Unique Kerala | Muslim girls deck up temple walls for annual festival

Muslim girls deck up temple walls for annual festival
Hafeefa with sister Huda in front of the wall she painted ahead of the Soorasamharam festival.

Kozhikode: 'Soorasamharam' is an exclusive festival of Thiruvannoor in Kozhikode. ‘Exclusive’ should be given stress since the people here have been celebrating the festival on the day of ‘Skandashashti’ for more than a century without much interference from ‘outsiders.’ The crowd consists of only residents, their relatives and friends, thanks to the low publicity for the festival.

Since it is such a local homely affair, religious barriers are non-existent. Decking up the temple before the festival begins on November 13 is everyone's responsibility. This time it were a few Muslim girls who came forward to 'light up' the temple. Hafeefa V, a final year degree student at Lissah college, Kaithappoyil, first asked her father Haneefa if she could paint on the outer walls of the temple. Haneefa, who runs a grocery shop near the temple and who has been long associated with the temple festival, approached the festival committee members and informed that his daughter wished to paint the walls of the temple and the 'Aalthara' (the raised platform around the base of a banyan tree). The committee was more than happy to let the girl express herself on the hallowed walls of the temple.

Haneefa is a proud man. “I have been cooperating with the temple festival committee for nearly 30 years. We also have a WhatsApp group called 'Thiruvannoor Nattuvarthamanam' where we discuss the preparations. Hafeefa's request was also discussed in the group. Then we googled to see what could be the best images to be painted outside a Subrahmania (the deity here) temple. After finding out the deity's favourite things, she painted them on the concrete face of the 'althara' where the main rituals of the festival takes place,” says Haneefa.

It took four days for her to do the paintings. On the day she began, on October 29 Sunday, she put in eight hours of work, from 10 a.m. to 6 p.m. She put her brush down only for a short lunch break. On the days from Monday to Wednesdays, when she had to attend classes, she painted from 6 p.m. to around 10 p.m. She was not alone. Hafeefa's little sisters, Huda and Fida, were also there to help her out, as art apprentices. They cleaned her paint brushes and mixed paints under Hafeefa's directions. Haneefa stood guard as the work spilled into the night. Though it is a martial custom (the annihilation of Soorapadmasuran) that Thiruvannoor celebrates on the day, Hafeefa's line drawings evoke the soft side of the Lord. The lord's vehicle, the peacock, is the most prominent image, realised using soft warmth-inducing curves and bright embellishments. Then there are butterflies, flowers, and lamps aplenty, all of it in various sizes of black.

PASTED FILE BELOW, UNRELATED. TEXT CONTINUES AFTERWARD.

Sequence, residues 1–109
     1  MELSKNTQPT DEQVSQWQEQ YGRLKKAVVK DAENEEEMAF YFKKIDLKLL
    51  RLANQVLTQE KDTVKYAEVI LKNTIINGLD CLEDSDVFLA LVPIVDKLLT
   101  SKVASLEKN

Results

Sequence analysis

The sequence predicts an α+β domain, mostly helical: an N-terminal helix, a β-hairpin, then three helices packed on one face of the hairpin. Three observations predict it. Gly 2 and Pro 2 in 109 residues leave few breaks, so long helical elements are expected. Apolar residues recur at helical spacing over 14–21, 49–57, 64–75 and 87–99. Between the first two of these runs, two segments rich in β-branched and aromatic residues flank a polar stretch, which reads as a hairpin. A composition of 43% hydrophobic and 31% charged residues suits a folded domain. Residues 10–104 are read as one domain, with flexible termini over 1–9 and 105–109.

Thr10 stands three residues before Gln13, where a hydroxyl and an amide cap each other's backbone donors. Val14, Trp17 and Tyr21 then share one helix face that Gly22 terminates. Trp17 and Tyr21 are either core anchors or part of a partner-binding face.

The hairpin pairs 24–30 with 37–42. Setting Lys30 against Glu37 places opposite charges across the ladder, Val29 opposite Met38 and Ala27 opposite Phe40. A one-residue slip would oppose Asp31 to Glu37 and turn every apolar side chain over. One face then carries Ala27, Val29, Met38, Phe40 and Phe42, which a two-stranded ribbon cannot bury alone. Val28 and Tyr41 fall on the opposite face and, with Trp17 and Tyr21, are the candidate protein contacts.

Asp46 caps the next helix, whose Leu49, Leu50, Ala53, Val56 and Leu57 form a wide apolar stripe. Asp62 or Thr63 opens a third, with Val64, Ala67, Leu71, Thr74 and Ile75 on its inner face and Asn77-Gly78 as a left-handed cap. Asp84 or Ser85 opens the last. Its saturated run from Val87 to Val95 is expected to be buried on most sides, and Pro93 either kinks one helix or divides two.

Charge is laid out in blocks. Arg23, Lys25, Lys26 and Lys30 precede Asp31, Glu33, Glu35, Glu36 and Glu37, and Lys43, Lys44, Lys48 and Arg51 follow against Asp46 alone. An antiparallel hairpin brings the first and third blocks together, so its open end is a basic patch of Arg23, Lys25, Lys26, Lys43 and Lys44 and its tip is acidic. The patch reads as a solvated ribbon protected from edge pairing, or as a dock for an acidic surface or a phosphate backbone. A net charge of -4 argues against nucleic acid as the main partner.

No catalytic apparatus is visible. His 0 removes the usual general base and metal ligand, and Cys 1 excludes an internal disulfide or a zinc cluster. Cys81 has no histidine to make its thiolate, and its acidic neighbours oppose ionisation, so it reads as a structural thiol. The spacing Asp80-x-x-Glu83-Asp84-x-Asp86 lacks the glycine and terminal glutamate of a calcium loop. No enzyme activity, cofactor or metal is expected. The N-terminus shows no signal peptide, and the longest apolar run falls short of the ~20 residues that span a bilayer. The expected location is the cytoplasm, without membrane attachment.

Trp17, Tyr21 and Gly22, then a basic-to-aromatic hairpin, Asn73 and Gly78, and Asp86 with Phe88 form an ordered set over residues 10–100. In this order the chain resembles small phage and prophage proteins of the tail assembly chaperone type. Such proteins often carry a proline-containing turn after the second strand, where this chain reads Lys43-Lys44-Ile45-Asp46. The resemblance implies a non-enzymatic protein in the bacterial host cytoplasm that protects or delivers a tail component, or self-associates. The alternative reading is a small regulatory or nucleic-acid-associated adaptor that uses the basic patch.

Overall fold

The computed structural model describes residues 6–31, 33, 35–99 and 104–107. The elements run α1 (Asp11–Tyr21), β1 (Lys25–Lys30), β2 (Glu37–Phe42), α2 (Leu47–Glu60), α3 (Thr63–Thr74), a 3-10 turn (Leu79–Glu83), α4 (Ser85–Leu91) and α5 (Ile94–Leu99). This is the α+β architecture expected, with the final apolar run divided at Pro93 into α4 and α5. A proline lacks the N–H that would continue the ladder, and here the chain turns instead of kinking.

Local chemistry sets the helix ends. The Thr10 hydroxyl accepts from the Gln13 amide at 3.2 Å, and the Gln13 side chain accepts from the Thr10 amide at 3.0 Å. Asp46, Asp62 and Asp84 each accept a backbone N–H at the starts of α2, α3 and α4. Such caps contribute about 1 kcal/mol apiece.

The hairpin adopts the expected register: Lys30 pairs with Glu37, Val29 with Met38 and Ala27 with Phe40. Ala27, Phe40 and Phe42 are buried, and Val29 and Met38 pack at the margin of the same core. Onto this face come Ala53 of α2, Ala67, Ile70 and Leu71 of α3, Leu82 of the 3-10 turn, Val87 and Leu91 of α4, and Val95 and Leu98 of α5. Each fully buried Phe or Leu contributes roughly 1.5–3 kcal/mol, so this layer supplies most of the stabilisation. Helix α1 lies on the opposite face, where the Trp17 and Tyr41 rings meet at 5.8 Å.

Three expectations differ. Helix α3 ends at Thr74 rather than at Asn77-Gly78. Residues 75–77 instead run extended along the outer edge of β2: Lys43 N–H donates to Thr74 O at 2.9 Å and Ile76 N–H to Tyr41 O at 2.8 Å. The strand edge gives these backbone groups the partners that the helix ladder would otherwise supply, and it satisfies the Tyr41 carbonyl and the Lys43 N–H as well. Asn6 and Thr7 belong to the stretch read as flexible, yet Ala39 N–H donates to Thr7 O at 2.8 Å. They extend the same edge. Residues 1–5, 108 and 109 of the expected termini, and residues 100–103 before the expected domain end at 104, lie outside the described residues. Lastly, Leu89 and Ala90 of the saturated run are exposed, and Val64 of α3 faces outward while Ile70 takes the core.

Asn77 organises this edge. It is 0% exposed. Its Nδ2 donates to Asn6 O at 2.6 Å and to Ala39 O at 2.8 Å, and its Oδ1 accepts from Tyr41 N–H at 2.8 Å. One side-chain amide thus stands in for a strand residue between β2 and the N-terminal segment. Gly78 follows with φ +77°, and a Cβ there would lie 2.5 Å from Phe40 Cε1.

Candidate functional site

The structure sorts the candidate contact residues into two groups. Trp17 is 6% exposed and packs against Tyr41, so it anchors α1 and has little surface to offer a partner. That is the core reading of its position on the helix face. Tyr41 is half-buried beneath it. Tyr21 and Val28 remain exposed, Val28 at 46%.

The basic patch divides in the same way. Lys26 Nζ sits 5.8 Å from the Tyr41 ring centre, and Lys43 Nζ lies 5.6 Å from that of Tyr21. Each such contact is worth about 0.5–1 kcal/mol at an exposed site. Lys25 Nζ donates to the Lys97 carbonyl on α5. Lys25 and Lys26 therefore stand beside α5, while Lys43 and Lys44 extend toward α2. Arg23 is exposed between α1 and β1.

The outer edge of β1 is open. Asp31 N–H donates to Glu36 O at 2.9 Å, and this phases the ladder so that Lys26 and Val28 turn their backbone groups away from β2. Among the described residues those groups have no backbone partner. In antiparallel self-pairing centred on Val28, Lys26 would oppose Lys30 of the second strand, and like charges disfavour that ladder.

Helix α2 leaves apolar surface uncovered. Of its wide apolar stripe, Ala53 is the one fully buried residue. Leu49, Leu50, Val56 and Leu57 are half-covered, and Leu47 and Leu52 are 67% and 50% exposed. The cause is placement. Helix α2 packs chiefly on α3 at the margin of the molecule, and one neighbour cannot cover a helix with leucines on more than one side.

Lore behind Soorasamharam

The concept of ‘Soorasamharam’ originated from the myth that Lord Subrahmanyan was born to kill ‘Soorapadmasuran.’ The Asura king had obtained the boon of immortality from Lord Brahma. He can be killed but only by the six-year-old son of Lord Siva. It looked like Soorapadmasuran had nothing to fear. Siva, at that time, had developed an aversion to worldly life after the death of his wife Sathi.

Soorapadmasuran grew to unimaginable strength and conquered both Asuras and Devas. To put an end to his mischiefs, the Devas sought the help of Kamadevan, the lord of love, who instigated Parvathy to lure Siva. Their union begat Subrahmanyan. He, along with his brother Ganapati and Veerabahu who was famous for his long muscular arms, prepared for the battle with Soorapadamasuran and Tharakasuran. It is this battle that is enacted during the festival here. But before climactic performance, Lord Subrahmanyan is ritually taken in a chariot to the Siva temple situated opposite and the Durga temple in nearby Panniyankara to seek the blessings of his parents.

The Soorasamharam or Sooranpada festival, which is celebrated across Tamil Nadu with fervour, is believed to have started in Thiruvannur almost a century ago. When Kottaparambu Kovilakam of the Zamorins was divided into three – Kottakkal, Thiruvannur and Mankavu – a portion of the ruling family had been living here. Once, when casteism was prevalent, the low-caste people were allowed only up to Kuttiyil Padi, the starting point of the street. So low-caste people from Tamil Nadu (Pondans), who were not affected by casteism here, were brought to carry the palanquin of the oldest/most respected woman member of the ruling family. They were given a space inside the street and they developed into a community, bringing in the traditions of Tamil Nadu. After an initial hesitation, the later generations owned up the festival as their own. Thiruchendur temple in Tamil Nadu is the most famous one for the festival.

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